Which experts?

Citizens, chosen at random (like a jury) informed by experts, and deliberating together, should be empowered to come up with a plan for the path forward, post-corona.

Or, perhaps, whose experts?

For example, can anyone imagine a certain Tim Worstall being asked to be one of the experts advising such citizens? On, say, mineral reserves and resources, a subject upon which he actually is expert?

No? Then it’s possibly going to be subject to a certain amount of bias, isn’t it?

19 thoughts on “Which experts?”

  1. This is so transparent. Central planners – experts – will come up with a plan. Giving it a veneer of “democracy” should fool no one but journalists. Can journalists even see thru windows?

  2. So Much For Subtlety

    This sort of wheeze is the latest thing the Left uses to get around the fact that voters don’t like their plans. Much used in Ireland.

    Get a random selection of voters, bully them into agreeing what everyone else says everyone else thinks. Present it as the Voice of the Nation.

    We have votes for a reason and we don’t need to fix them. Unless I am doing the fixing I suppose. In that case, Mr Ecks for Justice and home Affairs.

  3. I can’t find the link to this, anyone recall?

    Anyway there was some dystopian Scottish “citizens’ jury” wotsit for kids, they just got a bunch of primary school kids in a room and lectured them about global warming or some public health thingy until they all agreed that the thing the adults told them needed to be done was something they agreed needed to be done, then they took a vote and made videos of themselves saying what had to be done and that was a bona fide “children’s commission” so you can’t argue with that, can you, case closed?


  4. Remember the accuracy of the economic “experts” at the time of the referendum? If the Leavers won, then your hair would fall out, sir; your breasts would sag, madam. You’d all lose your jobs, people, and be reduced to eating mussels and hazelnuts, the few thousand of you who survived.

    That was the gist of it. Accuracy zero.

    But this time we’ve got Professor Neil Ferguson so all will be well.

  5. Like the experts who decided that, in order to save the planet, we should put a layer of insulating material on the *outside* of tower blocks I suppose.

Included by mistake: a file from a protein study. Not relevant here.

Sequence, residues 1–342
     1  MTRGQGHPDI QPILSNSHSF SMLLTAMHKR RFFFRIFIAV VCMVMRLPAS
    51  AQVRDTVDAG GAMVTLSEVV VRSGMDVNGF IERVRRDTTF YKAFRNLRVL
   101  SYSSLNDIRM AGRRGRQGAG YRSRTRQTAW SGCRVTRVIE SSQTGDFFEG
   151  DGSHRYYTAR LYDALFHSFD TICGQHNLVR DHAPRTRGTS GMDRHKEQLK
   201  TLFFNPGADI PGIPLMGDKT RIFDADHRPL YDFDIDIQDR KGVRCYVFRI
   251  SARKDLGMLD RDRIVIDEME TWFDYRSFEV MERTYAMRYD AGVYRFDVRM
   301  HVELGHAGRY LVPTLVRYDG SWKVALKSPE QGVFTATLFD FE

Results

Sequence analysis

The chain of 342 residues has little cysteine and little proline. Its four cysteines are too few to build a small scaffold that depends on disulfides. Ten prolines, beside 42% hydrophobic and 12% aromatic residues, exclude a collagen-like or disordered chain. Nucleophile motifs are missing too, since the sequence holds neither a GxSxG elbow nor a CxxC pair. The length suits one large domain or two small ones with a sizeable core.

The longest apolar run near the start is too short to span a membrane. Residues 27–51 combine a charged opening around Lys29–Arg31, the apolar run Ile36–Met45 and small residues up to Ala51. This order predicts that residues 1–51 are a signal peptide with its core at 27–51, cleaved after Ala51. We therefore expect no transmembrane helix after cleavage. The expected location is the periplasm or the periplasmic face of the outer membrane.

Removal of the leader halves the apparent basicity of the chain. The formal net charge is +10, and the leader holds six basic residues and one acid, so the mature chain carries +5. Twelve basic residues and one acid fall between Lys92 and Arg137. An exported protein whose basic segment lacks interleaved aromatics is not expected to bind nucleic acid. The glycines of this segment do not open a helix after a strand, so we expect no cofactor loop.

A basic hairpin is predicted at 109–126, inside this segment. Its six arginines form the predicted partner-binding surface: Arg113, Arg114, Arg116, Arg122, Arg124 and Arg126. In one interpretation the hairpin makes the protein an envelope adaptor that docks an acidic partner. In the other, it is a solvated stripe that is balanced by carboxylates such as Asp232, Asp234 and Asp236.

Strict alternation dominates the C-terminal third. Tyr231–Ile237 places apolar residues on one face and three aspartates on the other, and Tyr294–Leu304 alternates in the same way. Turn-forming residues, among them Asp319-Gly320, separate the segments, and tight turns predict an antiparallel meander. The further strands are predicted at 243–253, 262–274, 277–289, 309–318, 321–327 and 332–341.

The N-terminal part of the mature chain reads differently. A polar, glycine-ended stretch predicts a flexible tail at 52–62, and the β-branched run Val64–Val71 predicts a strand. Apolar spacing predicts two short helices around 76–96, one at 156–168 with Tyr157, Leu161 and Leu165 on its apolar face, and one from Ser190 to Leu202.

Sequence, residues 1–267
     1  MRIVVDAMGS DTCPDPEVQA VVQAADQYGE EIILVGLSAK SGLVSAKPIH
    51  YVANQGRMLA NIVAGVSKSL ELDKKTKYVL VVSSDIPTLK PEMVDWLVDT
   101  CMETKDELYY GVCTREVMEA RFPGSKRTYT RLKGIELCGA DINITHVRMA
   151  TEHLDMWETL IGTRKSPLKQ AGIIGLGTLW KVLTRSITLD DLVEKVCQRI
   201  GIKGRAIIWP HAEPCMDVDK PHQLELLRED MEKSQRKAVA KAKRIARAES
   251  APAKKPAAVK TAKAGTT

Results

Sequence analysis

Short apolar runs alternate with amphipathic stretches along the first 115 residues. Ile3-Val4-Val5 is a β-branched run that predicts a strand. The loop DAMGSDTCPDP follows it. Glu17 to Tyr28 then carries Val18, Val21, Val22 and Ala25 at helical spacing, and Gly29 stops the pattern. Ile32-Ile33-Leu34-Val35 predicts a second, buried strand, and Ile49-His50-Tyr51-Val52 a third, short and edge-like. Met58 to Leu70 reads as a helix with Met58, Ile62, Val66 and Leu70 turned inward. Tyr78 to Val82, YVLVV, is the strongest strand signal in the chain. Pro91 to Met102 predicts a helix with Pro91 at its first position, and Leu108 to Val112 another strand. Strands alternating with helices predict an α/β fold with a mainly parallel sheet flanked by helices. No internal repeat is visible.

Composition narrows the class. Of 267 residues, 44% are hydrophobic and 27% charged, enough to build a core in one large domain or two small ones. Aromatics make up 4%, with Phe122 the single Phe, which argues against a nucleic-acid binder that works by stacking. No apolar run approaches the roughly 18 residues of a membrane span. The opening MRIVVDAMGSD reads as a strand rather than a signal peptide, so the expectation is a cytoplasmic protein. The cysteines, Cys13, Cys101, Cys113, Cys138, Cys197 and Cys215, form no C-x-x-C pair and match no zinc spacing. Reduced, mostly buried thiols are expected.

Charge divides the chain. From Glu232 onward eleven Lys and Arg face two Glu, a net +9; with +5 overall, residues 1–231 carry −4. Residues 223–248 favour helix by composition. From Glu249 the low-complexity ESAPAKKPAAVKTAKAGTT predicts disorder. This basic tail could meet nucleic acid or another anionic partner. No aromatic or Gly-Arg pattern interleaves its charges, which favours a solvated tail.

6. So Much For Subtlety

    I think my favorite expert story is the first editions of James Lovelock’s Gaia.

    He suggests one of the good things about CFCs is that they can help to keep the planet warm and avert Global Cooling.

    Or so I dimly remember. It was a long time ago and, you know, the Seventies.

  7. 14 million votes don’t count, let’s ‘ask’ ten people instead after they’ve been sneered at by half a dozen Sociologists and other assorted far-Left crazies for two days.

  8. Of course, the Potatomeister would be screaming bloody murder about Unfairness if in this system his “experts” were chosen by the Other Side….

    If a system is this easy to poke holes in, it’s safe to classify as a Bad Idea. Regardless of the source.

  9. Well it might not be a bad idea. Juries consider tangible evidence (not computer models), not hearsay (experts agree), not anecdotal (in my experience/opinion) and consider evidence from those who challenge or dissent. Then they weigh the balance of evidence and decide beyond reasonable doubt if the case for has been made.

    It would be very interesting to see actual trial rules of evidence conditions being applied to the experts and politicians over Covid policy and climate change policy, with a jury deciding whether they were telling porkies.

  10. It would be great to see Ritchie’s reaction when the citizen’s jury votes to reintroduce capital punishment, scrap all overseas aid and ban non-highly skilled immigration!

  11. “Citizens, chosen at random…” What? Instead of citizens chosen by election? Yeah, that’ll work….!

  12. Citizens for this purpose will come only from “civil society” you understand, which would exclude most if not all posters here

  13. Macron had the same idea.. Who knew that everyone on the panel would have the same mentality as Greta Thunberg?

  14. @TomJ

    Bingo!!! Thanks a lot.


    A team of nine Members of Children’s Parliament (MCPs) aged 9 – 11 investigated the impact that alcohol has on the lives of children in Scotland. Over 90 children took part in school-based workshops with the MCP investigators to explore their thoughts and feelings about alcohol, and to hear what they had to say about the idea of an alcohol-free childhood.

    This film documents some issues of importance to children and some of their ideas for how adults can make Scotland a place where children grow up happy, healthy and safe.

    The investigation took place between April and July 2019 and this film and accompanying consultation report were launched at the Scottish Parliament on September 19th, 2019.


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